PDA

View Full Version : [ubuntu] out of space - can't boot



bonfire89
January 18th, 2009, 02:16 AM
I ran out of disk space and now can no longer boot into gnome. After typing in my password I get a bunch of error messages a lot about have not being able to save settings, one about the power manger etc.... None of the panels load up, not wallpaper, no ability to right click the desktop and interestingly, a bit of my awn dock loads up, no icons, just some background.


so. via the terminal I removed about 2 gigs worth of data.

I ran the utilities in the recovery mode.

but I am still getting the same error messages after logging into gnome.

If I could get some help on fixing gnome that would help a lot.

I'm not completely opposed to re installing gnome if need be, but, I would need some help on that.

adamlau
January 18th, 2009, 03:29 AM
What do the error messages say and what utilities did you use in recovery mode? To be safe, I would run e2fsck (depends on your filesystem) from live media against your partitions.

RJARRRPCGP
January 18th, 2009, 03:38 AM
This problem may be caused by being unable to access the swap.

taurus
January 18th, 2009, 04:54 AM
At the GUI login screen, press <Ctrl><Alt>F2 and log in with your username and password. Then, run


sudo apt-get clean
sudo apt-get autoremove
df -h

bonfire89
January 18th, 2009, 05:30 AM
"An error occured while loading or saving configuration information for
update-notifier. Some of your configuration settings may not work
properly"

Details: "failed to contact configuration server; some possible causes
is that you need to enable TCP/IP for ORBIT or you have stale NFS locks
due to system crash. See http://www.gnome.org/projects/gconf for
information. (Details - 1: could not send message to gconf daemon:
message did not recieve reply (timeout by message bus))" and this
repeats a couple times.

"An error occured while loading or saving configuration information for
evolution-alarm-notify. Some of your configuration settings may not work
properly"

Details: same as above


I had not read that as thourough as I should have in the first place.
I'm going to look up some stuff on NFS locks, but still going to post
this because I don't want to lose what I have typed. That took a bit of
time switching between the screens.

There is a third message about the power manager that disapears pretty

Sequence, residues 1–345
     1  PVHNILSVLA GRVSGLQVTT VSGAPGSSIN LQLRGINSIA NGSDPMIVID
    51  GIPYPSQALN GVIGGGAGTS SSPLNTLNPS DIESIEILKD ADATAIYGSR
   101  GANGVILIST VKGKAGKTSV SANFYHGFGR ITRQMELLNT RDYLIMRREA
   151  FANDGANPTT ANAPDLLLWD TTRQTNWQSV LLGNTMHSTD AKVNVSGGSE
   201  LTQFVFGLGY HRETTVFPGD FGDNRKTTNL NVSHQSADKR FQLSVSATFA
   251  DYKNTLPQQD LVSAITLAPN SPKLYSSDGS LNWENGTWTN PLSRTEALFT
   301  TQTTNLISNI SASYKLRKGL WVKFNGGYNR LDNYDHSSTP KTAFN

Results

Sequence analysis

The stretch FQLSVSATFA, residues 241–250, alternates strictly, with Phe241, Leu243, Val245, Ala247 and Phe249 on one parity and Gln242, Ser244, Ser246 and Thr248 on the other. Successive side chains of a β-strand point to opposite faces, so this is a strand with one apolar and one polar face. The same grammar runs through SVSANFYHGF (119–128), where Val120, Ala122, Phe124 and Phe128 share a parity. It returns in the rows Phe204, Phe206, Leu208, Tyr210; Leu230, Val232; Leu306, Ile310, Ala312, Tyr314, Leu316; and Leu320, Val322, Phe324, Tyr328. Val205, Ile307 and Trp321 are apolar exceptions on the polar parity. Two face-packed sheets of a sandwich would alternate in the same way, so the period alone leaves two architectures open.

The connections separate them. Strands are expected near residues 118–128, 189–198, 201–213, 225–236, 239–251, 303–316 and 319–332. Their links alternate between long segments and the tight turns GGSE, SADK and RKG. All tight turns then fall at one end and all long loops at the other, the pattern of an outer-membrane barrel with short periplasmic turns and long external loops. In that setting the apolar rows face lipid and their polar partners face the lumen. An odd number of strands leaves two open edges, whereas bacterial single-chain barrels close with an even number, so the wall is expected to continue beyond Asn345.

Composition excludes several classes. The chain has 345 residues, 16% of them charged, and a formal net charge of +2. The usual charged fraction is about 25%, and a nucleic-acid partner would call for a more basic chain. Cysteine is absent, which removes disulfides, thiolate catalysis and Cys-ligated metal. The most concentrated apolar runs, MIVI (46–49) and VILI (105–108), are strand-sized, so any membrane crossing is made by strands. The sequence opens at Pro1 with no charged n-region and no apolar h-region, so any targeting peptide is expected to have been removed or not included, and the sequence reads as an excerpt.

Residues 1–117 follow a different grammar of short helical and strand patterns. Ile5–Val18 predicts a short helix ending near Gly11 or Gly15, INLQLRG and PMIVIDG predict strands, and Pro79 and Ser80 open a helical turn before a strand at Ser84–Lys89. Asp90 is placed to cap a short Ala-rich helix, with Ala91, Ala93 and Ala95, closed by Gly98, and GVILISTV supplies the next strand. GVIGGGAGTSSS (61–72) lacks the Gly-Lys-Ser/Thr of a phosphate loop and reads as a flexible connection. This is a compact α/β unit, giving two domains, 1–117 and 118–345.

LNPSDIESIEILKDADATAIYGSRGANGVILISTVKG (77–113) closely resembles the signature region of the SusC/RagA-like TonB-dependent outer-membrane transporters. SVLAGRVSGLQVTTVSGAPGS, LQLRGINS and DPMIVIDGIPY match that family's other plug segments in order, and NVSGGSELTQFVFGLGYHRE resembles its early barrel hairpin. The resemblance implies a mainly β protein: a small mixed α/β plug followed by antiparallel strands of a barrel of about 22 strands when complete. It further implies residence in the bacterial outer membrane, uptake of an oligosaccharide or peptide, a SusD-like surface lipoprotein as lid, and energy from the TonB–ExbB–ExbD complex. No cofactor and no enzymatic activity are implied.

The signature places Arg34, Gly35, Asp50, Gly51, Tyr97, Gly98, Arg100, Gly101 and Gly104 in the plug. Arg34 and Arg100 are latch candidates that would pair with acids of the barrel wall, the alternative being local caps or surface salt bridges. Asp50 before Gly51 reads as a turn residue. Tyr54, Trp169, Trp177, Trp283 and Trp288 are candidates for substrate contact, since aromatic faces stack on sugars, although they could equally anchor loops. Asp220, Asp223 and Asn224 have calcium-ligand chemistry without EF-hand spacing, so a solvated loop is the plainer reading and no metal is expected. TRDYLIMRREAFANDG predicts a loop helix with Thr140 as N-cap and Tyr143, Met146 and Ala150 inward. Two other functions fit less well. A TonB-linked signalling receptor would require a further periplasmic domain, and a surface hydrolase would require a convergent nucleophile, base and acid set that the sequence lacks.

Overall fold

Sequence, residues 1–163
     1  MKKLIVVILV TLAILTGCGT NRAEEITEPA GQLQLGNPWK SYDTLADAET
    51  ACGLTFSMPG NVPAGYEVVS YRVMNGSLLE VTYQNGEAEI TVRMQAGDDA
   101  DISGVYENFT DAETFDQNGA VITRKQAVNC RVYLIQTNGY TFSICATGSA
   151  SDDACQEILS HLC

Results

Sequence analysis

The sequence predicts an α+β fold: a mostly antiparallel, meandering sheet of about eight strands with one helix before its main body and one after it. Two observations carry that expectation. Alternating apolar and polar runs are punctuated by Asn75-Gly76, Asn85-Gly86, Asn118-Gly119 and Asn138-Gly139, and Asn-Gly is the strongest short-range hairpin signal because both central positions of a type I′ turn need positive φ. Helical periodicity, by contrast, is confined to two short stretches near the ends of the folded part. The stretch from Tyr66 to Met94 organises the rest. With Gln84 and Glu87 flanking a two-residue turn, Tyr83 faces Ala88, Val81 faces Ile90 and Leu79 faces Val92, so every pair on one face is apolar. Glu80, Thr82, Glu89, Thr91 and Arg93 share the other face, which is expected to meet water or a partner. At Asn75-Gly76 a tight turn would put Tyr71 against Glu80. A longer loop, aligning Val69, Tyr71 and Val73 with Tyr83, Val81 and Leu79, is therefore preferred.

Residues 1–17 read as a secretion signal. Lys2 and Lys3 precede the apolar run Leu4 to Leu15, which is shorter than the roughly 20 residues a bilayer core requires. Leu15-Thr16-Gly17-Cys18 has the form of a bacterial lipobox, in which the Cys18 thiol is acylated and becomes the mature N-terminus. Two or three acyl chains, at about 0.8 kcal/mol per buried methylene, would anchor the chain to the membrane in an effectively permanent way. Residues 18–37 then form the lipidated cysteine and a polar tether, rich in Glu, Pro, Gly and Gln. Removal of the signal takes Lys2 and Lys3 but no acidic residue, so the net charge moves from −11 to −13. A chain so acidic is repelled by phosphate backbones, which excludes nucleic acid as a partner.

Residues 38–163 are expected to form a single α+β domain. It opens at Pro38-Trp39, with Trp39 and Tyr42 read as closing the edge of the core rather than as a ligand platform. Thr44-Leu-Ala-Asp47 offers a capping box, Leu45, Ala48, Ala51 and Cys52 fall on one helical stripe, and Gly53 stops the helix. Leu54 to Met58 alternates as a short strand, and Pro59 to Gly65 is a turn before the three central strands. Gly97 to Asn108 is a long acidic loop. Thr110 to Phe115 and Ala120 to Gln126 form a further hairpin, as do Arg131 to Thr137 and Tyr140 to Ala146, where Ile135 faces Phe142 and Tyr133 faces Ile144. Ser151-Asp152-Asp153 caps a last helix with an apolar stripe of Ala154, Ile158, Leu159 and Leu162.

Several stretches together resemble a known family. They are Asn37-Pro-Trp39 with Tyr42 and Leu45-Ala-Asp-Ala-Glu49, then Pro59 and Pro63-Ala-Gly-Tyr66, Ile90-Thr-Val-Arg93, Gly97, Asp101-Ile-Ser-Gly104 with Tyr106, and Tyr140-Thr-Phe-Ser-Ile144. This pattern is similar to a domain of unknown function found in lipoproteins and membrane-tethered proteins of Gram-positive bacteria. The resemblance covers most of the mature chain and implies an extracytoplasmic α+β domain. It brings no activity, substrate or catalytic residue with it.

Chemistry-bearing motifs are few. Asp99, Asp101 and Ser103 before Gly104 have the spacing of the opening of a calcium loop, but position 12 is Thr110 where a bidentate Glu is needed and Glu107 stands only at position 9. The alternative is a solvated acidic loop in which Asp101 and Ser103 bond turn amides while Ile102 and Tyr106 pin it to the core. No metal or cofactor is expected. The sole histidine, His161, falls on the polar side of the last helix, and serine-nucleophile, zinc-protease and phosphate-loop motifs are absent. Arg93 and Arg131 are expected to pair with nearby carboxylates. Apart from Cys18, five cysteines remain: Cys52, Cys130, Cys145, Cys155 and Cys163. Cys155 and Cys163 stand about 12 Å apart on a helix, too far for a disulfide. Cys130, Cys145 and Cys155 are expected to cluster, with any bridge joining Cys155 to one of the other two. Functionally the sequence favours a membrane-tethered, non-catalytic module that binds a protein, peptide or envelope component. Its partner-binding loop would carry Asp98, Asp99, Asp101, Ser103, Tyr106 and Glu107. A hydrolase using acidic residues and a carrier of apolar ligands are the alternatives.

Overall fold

quickly. I'll figure out getting that if this can't be resolved.



Part of the tools that I ran from the recovery mode was one that checked
the disk. Another was to clean and another to fix broken packages. I
believe those were all three.

The fact that the swap was mentioned is interesting. Because, as result
of this I also found out that my vista install in busted (next on the
agenda)

My harddrive partions go like this (sizes not completely to scale)

|---vista---|-swap-|------------ubuntu-------------|

but who knows when the vista died. I haven't gone into that for some
time.

bonfire89
January 18th, 2009, 05:36 AM
I found a tip that says

in .profile instert line

export GCONF_LOCAL_LOCKS=1


but warns not to be in gnome while doing that. I shall give that a shot
if I can find .profile

bonfire89
January 18th, 2009, 05:50 AM
unfortunately the tip that I came accross did not work.


But, I got the 3rd error message

"The configuration defaults for GNOME Power Manager have not been
installed correctly. Please contact your comptuer administrator"

bonfire89
January 18th, 2009, 10:05 AM
I believe I cam accross something that sugested renaming the home folder
then copying it back. Since I don't have enough space on my hard disk
I'm copying it to another drive then back. It's going to take quite some
time. Though, while copying back I'm going to leave off the videos for
the time being to save some time as they account for 30 gigs or so.


If that doesn't work. It seems like it is just my user profile that is
currupt. I will just delete it and make it again.

bonfire89
January 18th, 2009, 01:06 PM
that didn't work.

I deleted my account and made a new one.

so essentially


after booting into recovery mode from the grub menu then dropping into the root shell




mv /home/userName /home/userName.bck
userdel userName
useradd -d /home/userName -m userName
passwd userName



just incase someone else needs to do this.

This is not idea. You will lose your configurations and such but not your data since you can recover it from the backup you made with "mv /home/userName /home/userName.bck"

Though on that note... there will be a bunch of hidden folders that are in your home directory that will have certain settings in. I'm not sure how to recover that stuff. but going to give it a look see.

Anyways. Been up all night, sun going to come up quite soon. making this thread solved... though.. it isn't really. But, any solutions wont have any worth to me.